GRAIN, all Sorts of Corn; also the smallest Weight used in England, the 20th Part of a Scruple, or 24th Part of a Pennyweight Troy; the Value of a grain of Gold is a d. of Silver half a Farthing.
---An Universal Etymological English Dictionary. N. Bailey, 1724.

John York  •  Link

“in the truckle bed “

Surely here truckle is being used as an adjective and not a verb.
“Truckle-bed - a low bed running on truckles or castors, usually pushed beneath a high or 'standing' bed when not in use.”
“Truckle - a small roller or wheel placed under or attached to a heavy object to facilitate moving it; a castor on a piece of furniture”
– Oxford English Dictionary

Bill  •  Link

I think the (original) idea of a "truckle bed" was that it was for someone who was beneath you, literally and figuratively. Someone who "submitted" to you.

Bill  •  Link

"a dish with eggs of the butter of the Sparagus, which is very fine meat"

MEAT, Flesh, Provisions of any Sort.
---An Universal Etymological English Dictionary. N. Bailey, 1724.

Bill  •  Link

Hmm, a search of the internet (where are the OED people when you need them?) indicated that "truckle" applied to a bed came first, from a Latin word meaning "small wheel." And around Pepys' time the word as a verb came to have a pejorative meaning, as in the dictionary entry above.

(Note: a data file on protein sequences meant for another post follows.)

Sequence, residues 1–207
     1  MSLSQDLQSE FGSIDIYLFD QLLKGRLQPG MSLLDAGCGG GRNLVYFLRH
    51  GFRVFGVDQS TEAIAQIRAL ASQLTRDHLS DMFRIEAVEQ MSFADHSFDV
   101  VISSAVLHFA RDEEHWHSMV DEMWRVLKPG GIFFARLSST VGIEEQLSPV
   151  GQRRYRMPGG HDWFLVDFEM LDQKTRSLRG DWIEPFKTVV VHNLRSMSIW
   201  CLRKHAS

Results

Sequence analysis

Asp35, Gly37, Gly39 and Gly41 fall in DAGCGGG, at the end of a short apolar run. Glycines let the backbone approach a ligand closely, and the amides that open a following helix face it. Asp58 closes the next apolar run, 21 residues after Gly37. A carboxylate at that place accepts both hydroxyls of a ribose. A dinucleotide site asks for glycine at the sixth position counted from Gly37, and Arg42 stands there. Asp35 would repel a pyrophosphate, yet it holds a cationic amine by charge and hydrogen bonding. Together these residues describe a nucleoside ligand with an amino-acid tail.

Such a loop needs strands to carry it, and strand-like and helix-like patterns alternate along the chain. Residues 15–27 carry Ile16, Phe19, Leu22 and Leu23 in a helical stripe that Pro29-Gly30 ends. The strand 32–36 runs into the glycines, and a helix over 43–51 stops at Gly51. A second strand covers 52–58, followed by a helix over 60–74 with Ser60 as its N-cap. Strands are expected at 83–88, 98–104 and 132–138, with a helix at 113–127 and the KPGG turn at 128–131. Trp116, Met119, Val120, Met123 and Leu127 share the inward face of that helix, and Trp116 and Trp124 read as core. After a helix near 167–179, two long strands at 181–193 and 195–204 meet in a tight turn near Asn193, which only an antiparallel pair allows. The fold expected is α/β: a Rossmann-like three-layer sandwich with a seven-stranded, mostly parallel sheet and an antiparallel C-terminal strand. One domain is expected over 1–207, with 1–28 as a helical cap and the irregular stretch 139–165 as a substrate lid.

john  •  Link

My OED actually lists truckle-bed, thusly:
"A low bed running on truckles or castors, usually pushed beneath a high or ‘standing’ bed when not in use; a trundle-bed. So truckle bedstead. "

The following quote may be of interest: 1662 Pepys Diary 1 May, To bed all alone, and my Will in the truckle bed.

Terry Foreman  •  Link

"that Prince Rupert and the Duke of Buckingham are sworn of the Privy Councell"

L&M: Rupert, Buckingham and the Earl of Middleton (Commander-in-Chief and Commissioner to Parliament and Scotland) were admitted to the Council on 28 April: PRO, PC 2/55, p. 618.

Third Reading

Michael Cook  •  Link

Egg yolk with butter warmed and stirred into a little vinegar/shallots is Hollandaise sauce, with a little tarragon Bernaise sauce, on Asparagus... heaven.